How to Freeze Breast Milk

Step-by-Step Instructions for Collecting and Storing Breast Milk In the Freezer

A pacifier and two plastic bottles filled with breast milk
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Breast milk is often referred to as "liquid gold." It can be collected and stored safely in the freezer for many months. Whether you're pumping extra breast milk to relieve breast engorgement or stocking up your freezer to have plenty of breast milk when you return to work, it's easy to save every extra drop that you pump or express by following these simple guidelines.

Level of Difficulty: Easy

Time Required: 25 - 30 minutes

6 Steps

In just six easy steps, you'll have properly frozen breast milk that can be used for up to a year.

Choose Your Storage Container

There are many different types of containers that can be used to store breast milk including breast milk storage bags, plastic bottles, glass containers, and breast milk trays.

When selecting the container that's right for you, think about how long you plan to keep your breast milk in storage. Some breast milk storage bags, for example, are mainly designed for freezing and can be stored flat, and then stacked, which saves a lot of space.

If you use disposable bottle liners for freezing breast milk, they may require additional protection to stop leaking and contamination. If you'd like to freeze your breast milk in harder containers, glass gives the most protection, because it is the least absorbent. Whichever container you choose, it should be clean, BPA-free, and safe for the storage of food.

Gather Your Equipment and Supplies

If you'll be hand-expressing your breast milk, all you need is a clean collection container. If you'll be pumping, gather your pump, pump flanges, tubing, and collection container.

All of your pumping supplies should be clean and dry to prevent any bacteria from entering your breast milk as you pump. Depending on the amount of breast milk that you're able to pump, you may need to have additional collection containers ready.

Wash Your Hands and Breasts

You should wash your hands and your breasts before you begin to pump or express your breast milk. Any germs on your skin can get into your breast milk as you're collecting it. The best way to minimize contamination is by keeping everything as clean as possible. 

Pump or Express Your Breast Milk

Pump for about 10 minutes on each side and collect your breast milk. If you are using the same collection container as your storage container, do not fill it all the way to the top. When your breast milk fills approximately 2/3 to 3/4 of the container, remove it from the pump and replace it with another bottle.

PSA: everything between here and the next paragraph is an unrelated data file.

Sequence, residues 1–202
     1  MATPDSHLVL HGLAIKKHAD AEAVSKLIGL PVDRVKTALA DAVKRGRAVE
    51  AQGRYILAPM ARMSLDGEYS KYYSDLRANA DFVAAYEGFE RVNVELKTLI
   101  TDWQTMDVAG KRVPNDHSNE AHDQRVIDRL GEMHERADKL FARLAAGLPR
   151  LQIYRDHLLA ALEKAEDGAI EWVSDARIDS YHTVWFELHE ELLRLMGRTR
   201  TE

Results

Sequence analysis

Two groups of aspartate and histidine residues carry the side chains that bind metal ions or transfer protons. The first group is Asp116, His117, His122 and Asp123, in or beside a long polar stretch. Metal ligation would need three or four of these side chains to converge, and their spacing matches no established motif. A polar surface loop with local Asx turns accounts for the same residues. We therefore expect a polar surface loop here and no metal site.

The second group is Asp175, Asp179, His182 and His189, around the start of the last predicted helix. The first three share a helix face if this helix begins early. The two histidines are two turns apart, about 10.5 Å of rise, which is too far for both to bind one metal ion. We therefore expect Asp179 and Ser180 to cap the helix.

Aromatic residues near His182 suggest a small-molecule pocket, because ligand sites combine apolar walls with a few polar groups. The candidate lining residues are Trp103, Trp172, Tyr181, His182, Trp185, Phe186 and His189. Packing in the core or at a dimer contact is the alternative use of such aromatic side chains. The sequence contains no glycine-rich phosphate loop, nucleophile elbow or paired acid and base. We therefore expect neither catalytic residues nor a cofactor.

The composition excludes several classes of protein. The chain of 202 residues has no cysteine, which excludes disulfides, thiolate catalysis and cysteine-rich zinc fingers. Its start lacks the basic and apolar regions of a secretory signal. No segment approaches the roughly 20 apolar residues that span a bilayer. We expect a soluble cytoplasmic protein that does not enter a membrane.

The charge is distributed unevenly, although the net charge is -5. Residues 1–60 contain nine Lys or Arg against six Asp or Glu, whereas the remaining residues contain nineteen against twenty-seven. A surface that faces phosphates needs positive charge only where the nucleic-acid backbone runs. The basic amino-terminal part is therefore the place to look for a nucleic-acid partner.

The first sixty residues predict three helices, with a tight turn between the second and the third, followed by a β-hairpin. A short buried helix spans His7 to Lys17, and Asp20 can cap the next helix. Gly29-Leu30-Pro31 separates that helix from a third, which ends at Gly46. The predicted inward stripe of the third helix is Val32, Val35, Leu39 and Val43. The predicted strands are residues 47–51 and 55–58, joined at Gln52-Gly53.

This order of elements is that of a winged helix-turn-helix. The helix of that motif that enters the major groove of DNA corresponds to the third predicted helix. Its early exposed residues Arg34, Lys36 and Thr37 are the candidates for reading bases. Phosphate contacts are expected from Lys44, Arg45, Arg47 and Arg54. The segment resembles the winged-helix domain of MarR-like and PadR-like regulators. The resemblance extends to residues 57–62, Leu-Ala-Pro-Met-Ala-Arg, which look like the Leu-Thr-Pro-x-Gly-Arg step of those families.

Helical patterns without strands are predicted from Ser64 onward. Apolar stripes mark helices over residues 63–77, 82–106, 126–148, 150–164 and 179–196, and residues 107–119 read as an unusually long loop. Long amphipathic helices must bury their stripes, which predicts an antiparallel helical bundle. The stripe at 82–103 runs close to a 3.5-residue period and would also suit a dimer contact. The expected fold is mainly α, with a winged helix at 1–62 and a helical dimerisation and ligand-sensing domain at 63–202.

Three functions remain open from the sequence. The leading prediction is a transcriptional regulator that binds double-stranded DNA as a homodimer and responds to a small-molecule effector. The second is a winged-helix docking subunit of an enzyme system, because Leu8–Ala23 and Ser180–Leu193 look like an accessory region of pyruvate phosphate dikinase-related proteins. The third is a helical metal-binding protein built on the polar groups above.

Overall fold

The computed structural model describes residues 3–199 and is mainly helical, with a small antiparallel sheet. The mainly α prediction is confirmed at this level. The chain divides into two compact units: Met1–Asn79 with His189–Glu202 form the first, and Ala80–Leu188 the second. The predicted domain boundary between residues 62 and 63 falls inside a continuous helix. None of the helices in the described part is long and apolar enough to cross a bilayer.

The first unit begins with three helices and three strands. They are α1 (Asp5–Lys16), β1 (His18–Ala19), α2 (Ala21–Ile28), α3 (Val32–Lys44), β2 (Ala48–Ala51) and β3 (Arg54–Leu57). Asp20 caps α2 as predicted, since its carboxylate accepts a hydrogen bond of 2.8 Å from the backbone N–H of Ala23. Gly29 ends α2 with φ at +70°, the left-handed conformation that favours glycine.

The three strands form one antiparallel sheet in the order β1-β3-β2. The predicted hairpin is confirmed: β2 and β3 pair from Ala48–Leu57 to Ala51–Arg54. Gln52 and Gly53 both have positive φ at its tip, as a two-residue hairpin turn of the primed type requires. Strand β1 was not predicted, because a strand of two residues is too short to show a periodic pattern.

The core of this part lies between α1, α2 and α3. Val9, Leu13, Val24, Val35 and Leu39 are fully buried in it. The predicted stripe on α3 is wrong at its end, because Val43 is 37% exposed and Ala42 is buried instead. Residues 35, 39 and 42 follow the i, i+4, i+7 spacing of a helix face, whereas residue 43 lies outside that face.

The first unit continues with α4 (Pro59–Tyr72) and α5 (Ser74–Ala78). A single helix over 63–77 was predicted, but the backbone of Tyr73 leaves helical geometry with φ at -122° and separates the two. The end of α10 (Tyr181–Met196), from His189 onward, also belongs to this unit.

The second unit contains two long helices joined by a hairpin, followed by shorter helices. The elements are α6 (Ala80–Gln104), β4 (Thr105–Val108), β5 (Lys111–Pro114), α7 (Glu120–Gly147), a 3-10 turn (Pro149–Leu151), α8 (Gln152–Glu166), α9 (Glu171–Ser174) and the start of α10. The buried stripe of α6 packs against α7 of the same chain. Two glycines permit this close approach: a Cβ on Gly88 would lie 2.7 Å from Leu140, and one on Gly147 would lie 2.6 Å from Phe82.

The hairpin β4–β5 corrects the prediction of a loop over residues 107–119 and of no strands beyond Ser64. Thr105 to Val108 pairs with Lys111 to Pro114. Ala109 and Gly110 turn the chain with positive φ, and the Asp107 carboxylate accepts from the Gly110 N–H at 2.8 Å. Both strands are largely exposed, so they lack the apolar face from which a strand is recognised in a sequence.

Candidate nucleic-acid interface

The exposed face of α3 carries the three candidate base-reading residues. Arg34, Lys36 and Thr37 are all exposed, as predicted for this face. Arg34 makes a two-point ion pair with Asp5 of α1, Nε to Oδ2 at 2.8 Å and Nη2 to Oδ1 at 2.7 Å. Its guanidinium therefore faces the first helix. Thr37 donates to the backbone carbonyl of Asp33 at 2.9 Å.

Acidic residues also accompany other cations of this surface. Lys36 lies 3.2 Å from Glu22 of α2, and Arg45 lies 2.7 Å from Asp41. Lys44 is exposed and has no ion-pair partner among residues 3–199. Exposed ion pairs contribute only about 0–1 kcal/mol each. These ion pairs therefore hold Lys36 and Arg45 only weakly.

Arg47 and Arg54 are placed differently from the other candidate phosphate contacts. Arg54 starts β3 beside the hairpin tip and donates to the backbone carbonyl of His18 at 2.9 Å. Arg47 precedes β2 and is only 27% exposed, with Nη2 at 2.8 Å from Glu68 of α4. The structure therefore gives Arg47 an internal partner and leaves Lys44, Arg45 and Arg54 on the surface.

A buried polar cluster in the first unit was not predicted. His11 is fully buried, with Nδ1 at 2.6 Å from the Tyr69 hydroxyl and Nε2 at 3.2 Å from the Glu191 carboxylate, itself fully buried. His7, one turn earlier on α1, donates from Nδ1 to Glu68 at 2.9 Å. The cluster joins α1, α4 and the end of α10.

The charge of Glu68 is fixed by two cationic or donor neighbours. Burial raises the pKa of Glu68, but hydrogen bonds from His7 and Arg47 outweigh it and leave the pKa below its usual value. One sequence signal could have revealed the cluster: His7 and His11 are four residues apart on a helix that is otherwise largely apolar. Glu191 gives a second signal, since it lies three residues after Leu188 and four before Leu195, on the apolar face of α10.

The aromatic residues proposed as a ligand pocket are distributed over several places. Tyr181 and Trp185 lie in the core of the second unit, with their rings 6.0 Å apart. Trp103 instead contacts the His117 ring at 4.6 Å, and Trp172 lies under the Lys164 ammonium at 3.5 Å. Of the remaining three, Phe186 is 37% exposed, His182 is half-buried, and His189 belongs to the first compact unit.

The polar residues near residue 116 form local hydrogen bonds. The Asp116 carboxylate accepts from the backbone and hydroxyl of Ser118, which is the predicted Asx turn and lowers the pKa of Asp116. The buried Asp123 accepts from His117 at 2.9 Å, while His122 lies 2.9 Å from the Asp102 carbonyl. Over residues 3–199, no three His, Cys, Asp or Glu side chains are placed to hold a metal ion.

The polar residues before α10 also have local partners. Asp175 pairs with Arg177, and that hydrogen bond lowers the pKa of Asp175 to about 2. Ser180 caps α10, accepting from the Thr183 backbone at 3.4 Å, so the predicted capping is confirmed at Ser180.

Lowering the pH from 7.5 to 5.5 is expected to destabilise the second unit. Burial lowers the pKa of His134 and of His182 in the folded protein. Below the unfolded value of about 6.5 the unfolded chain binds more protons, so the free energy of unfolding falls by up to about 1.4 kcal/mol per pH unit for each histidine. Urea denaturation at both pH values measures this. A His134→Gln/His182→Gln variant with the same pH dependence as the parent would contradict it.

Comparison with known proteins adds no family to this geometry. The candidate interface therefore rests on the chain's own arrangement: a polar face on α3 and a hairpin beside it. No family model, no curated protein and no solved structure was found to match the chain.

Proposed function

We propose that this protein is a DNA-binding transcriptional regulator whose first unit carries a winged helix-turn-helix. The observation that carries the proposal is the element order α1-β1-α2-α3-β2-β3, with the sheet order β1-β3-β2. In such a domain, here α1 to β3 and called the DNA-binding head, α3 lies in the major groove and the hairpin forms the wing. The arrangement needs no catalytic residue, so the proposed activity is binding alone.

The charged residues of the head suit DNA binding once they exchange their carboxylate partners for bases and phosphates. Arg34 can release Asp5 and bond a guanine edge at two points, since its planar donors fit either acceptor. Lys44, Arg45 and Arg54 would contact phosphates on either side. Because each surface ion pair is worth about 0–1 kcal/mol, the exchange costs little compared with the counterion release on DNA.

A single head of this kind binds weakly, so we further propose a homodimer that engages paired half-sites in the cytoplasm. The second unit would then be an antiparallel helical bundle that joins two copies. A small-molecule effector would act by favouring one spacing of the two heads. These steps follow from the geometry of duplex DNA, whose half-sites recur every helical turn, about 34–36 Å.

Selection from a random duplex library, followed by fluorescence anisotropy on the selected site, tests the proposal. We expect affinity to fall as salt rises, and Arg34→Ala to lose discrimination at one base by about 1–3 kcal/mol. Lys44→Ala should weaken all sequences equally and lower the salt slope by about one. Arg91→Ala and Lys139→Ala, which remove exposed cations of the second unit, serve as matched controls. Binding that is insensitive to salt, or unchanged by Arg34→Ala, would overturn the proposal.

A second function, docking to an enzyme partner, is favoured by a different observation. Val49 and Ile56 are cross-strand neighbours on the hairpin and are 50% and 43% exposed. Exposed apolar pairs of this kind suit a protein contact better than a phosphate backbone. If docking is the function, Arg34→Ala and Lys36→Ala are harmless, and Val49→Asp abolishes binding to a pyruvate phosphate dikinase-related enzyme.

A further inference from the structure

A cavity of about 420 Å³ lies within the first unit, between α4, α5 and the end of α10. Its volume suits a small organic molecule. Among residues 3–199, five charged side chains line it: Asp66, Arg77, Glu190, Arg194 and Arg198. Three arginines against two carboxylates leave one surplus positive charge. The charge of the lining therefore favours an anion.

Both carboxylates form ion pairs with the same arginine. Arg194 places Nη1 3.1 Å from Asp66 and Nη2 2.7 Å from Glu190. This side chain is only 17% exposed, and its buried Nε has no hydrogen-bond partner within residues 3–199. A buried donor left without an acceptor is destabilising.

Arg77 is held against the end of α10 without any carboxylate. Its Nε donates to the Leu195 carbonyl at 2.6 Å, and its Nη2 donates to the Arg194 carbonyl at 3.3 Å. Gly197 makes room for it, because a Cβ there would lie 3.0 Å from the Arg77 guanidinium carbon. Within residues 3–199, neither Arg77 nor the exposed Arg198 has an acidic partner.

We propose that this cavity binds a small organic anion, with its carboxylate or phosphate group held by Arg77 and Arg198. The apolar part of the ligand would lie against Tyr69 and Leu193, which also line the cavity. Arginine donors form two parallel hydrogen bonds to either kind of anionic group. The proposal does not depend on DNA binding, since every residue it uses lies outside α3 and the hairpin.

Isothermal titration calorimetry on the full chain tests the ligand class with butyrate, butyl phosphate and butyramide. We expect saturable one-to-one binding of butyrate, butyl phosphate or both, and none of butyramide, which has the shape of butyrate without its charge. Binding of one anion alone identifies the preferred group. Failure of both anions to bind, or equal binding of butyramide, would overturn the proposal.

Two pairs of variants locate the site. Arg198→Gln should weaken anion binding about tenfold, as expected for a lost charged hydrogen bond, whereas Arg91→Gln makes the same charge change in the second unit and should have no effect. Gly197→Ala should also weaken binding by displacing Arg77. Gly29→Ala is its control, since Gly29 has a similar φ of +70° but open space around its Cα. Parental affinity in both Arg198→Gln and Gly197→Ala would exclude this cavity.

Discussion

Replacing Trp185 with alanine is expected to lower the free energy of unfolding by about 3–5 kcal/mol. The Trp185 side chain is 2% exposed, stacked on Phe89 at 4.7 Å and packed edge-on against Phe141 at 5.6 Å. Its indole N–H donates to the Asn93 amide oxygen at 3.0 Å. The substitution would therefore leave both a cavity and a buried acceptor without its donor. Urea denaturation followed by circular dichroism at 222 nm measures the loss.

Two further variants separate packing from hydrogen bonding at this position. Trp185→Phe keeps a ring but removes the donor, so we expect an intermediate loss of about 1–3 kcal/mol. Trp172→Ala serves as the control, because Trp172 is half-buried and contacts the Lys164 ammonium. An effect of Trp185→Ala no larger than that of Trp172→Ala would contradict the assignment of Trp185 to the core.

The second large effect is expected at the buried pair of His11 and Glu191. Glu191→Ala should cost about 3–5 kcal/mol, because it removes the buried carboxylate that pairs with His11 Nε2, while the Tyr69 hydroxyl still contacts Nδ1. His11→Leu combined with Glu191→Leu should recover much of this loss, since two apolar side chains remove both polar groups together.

If you are pouring your breast milk from the collection container into a different storage container, complete the collection of your breast milk then pour your milk into the storage containers.

Never fill storage containers to the top. Breast milk needs room to expand when it's frozen.

Seal Your Container

If you're using a storage bag, make sure to close the seal securely and completely. If you're using a plastic or glass bottle, use a solid one-piece screw on cap for the best seal. Bottle nipples should not be used as a cap when you're freezing breast milk.  

Place the Container in the Freezer

Label your breast milk with the date and time of the collection and put it in the freezer as soon as possible. The length of time that you can store your breast milk depends on the type of freezer that you have: 

  • A freezer located inside of a refrigerator can be used to store frozen breast milk for two weeks.
  • Breast milk can remain frozen in a stand-alone deep freezer for one year.
  • Pumped breast milk may be kept in a standard freezer that's part of a side-by-side or top-and-bottom refrigerator-freezer unit with separate doors for up to six months. Set yours to a level that makes your ice cream rock-hard. Most freezers reach this temperature, but if you are concerned at all, you should buy an inexpensive freezer thermometer to set your mind at ease.
Verywell Family uses only high-quality sources, including peer-reviewed studies, to support the facts within our articles. Read our editorial process to learn more about how we fact-check and keep our content accurate, reliable, and trustworthy.
  • Pumping and storing breastmilk. Office on women's health. US Department of Health & Human Services

  • Academy of Breastfeeding Medicine Protocol Committee. ABM Clinical Protocol # 8: Human Milk Storage Information for Home Use for Full-Term Infants. Original protocol March 2004; Revision #1 March 2010. Breastfeeding Medicine. 2010;5(3).

  • Lawrence, Ruth A., MD, Lawrence, Robert M., MD. Breastfeeding: A Guide for the Medical Profession Eighth Edition. Elsevier Health Sciences. 2015.

By Melissa Kotlen
Melissa Kotlen is an International Board-Certified Lactation Consultant and Registered Lactation Consultant.